After 24 pretty good hours for the Carolina Hurricanes franchise, Friday night delivered a four-minute reminder that it isn't always sunshine and rainbows in the NHL.
In the wake of a win in Washington on Thursday and Thomas Dundon's introduction as the team's new owner Friday, things were looking up for the Hurricanes, right through the first 56 minutes and change Friday.
Then Noah Hanifin made his second catastrophic late play in the past three games to allow the Capitals to tie the score, both officials missed an obvious lip-splitting high stick on Jordan Staal and Victor Rask lost a faceoff in the Washington zone that allowed the Capitals to go end-to-end and score the winner with 1.3 seconds left, a potentially season-altering two-point swing in 3 minutes, 8 seconds and a 4-3 loss.
Instead of sending another message to the Metropolitan Division – the Hurricanes were 4-0-1 in their previous five division games – by sweeping this two-day set with the Capitals, they were left beaten and bereft. The giant big-screen TV in the locker room was splattered with unknown liquid, a visible sign of the barely hidden frustration.
“It's part of the game,” said Hurricanes forward Jeff Skinner, who scored what should have been the game-winner by turning Washington defenseman John Carlson inside out and rifling a top-shelf shot. “You play 82 games and this is one of 82. It was kind of a tough break, but at the same time, we've got more games. We've got to move on.”
That's how it goes in the NHL, especially for a team trying to bob and weave its way into the playoffs. Even little mistakes are harshly punished, let alone big ones. Hanifin, the team's sole All-Star, for reasons easily explained but difficult to justify, has made two in the past four days, single-handedly costing the Hurricanes points.
On Tuesday, Tampa Bay's tiny Tyler Johnson outmuscled Hanifin on the rush to score the game-winner, as embarrassing a fate as any NHL defenseman has ever suffered. Friday, with the Canes trying to protect a 3-2 lead, Hanifin threw a blind pass up the middle from behind the Carolina net, which Brett Connolly popped instantly past Cam Ward. Off the glass and out, kid, like the old days. (And here, Glen Wesley nods sagely.)
There's so much good in Hanifin's game and so much “I hope my high-school buddies never see that clip.” He's only 20, but he has played 204 NHL games. He may not be a finished product, but it's fair to expect more than this at this point. Or less than this, if you just want to look at the self-sabotaging mistakes.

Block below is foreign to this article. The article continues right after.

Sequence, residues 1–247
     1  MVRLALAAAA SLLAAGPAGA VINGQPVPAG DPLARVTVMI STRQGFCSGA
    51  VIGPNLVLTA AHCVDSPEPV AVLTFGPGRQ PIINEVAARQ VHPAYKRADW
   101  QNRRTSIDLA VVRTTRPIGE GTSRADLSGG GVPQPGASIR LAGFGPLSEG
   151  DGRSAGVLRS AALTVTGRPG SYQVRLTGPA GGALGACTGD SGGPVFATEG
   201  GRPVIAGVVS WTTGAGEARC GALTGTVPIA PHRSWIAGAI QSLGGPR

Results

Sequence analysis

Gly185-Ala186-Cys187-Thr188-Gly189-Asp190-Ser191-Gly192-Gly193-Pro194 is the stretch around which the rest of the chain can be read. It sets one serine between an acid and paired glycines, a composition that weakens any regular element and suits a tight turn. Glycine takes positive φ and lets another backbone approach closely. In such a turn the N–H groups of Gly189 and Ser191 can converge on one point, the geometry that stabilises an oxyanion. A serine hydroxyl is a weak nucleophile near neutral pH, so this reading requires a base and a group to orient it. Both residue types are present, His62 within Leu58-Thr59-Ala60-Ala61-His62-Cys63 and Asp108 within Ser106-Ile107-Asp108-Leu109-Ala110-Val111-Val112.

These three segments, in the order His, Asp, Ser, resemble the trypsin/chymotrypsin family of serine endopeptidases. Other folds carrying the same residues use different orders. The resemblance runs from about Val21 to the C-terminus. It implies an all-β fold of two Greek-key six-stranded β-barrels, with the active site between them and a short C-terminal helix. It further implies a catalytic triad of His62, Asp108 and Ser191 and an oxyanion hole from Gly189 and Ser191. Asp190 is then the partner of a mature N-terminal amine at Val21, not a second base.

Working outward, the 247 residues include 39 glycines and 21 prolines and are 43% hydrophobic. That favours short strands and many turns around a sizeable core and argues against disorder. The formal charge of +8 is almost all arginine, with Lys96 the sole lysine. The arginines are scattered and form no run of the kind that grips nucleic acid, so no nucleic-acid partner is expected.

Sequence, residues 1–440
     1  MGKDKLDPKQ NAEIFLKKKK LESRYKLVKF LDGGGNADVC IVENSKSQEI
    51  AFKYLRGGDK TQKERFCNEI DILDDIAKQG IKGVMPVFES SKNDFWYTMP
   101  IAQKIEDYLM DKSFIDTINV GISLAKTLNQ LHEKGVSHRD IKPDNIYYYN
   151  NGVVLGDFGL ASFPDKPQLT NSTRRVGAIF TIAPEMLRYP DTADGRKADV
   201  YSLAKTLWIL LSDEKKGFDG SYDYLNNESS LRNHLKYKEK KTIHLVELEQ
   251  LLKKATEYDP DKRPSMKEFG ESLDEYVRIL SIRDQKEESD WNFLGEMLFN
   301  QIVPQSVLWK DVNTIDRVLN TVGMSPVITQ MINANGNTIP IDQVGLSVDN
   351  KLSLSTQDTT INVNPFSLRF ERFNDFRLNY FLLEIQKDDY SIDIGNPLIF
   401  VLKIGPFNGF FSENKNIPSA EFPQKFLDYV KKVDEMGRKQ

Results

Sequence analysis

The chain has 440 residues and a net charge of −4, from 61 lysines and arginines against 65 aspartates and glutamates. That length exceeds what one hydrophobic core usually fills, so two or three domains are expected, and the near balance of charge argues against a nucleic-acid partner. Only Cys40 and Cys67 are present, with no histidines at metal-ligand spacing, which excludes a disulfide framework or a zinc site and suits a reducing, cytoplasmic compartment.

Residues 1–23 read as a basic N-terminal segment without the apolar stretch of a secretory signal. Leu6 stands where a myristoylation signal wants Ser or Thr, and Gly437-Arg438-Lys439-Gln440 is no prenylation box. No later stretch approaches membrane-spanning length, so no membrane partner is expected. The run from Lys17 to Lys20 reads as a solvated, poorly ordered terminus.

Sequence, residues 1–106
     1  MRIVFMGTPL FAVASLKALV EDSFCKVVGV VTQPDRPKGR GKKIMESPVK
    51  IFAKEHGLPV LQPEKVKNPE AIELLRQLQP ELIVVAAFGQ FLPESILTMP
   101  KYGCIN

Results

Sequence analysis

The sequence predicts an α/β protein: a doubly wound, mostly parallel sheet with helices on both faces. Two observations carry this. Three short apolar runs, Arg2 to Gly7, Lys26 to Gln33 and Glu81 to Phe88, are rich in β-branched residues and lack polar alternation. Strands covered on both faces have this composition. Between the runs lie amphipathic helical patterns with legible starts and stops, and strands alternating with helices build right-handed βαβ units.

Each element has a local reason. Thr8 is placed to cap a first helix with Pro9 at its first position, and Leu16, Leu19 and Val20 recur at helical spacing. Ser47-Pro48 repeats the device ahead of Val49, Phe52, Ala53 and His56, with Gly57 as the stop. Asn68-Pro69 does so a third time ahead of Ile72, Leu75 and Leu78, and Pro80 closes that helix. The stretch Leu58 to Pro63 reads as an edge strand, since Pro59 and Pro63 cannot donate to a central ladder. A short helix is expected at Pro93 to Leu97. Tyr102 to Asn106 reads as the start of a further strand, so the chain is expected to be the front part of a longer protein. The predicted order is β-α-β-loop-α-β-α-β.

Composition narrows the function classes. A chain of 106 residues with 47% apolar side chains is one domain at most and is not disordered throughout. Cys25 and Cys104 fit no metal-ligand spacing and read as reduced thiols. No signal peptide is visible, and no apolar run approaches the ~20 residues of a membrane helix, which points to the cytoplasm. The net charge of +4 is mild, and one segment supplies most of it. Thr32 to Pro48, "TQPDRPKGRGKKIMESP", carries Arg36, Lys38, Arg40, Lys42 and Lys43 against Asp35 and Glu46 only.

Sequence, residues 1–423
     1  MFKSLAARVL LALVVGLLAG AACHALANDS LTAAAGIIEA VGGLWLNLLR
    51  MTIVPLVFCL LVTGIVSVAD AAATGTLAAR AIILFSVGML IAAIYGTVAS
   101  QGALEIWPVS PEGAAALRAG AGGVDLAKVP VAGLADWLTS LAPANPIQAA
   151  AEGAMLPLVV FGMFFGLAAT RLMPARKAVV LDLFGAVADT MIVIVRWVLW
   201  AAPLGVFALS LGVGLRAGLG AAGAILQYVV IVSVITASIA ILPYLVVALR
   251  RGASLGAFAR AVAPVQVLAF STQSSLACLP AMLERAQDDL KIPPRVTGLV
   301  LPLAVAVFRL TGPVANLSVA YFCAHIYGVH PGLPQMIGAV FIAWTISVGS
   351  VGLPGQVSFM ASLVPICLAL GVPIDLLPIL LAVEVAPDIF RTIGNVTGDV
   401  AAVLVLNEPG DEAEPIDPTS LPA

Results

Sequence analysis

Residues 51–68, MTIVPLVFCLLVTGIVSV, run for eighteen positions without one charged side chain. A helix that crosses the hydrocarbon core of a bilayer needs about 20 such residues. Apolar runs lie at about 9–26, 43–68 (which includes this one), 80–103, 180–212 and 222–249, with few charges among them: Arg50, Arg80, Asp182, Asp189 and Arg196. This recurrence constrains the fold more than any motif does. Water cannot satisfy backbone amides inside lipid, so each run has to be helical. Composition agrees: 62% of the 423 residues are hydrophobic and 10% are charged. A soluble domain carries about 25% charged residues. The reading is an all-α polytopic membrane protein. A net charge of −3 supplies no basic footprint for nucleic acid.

“Yeah, you got to stay with him, you've got to teach,” Hurricanes coach Bill Peters said. “You've to to learn from it. You've got to stay with people. It's easy to go away. Right now, we've got the opportunity to put a game away and we give up two in the last three (minutes) roughly. It would have been nice to lock it down.”
But this isn't entirely on Hanifin. It never is. The Hurricanes should have been on the power play with 32 seconds to go, with Staal's lip split open, and even if they didn't score they would have started overtime 4-on-3 with a chance to pick up an extra point.
There's no point in complaining about NHL officiating, which is like the weather. Sometimes it's good, sometimes it's bad, it rains on everyone the same and it evens out in the end. In a way, it was karmic payback for Thursday, when Rask scored the game-winner after the Capitals thought the puck had been possessed on a delayed penalty and play should have been blown dead.
That won't make Peters feel any better or heal Staal's split lip. This wasn't a judgment call, or a debatable interpretation of a rule (like Justin Faulk's questionable interference penalty on Tom Wilson; you may not like it, but all you can do, or should do, is shrug). This was as glaring a missed call as you'll ever see, and no excuse for either referee – Steve Kozari and T.J. Luxmore – to miss it. Staal said he couldn't get an explanation, either.
The last goal was a chain of errors, with Rask losing the faceoff and Brock McGinn whiffing on a chance to clear the puck when Alexander Ovechkin lost control, breiefly, and Ward flopping around in the crease. It was basically a repeat of the N.C. State game in this same building Thursday, except the Capitals finished with a four-point play for the win.
Dundon was watching from a suite, and got a nice round of applause when he was shown on the scoreboard. (It was subtle and unannounced, and many fans may even have missed it.) He's been living and dying with the team for months now – he even went back to Peter Karmanos to offer more money after walking away from the deal initially, because he was hooked – so these emotions won't be new to him.
But they will be fresh, as they will be for the team, and they will linger. Because if it comes down to the final days and a point or two, circle these as two that never should have gotten away.
Sports columnist Luke DeCock: 919-829-8947, firstname.lastname@example.org, @LukeDeCock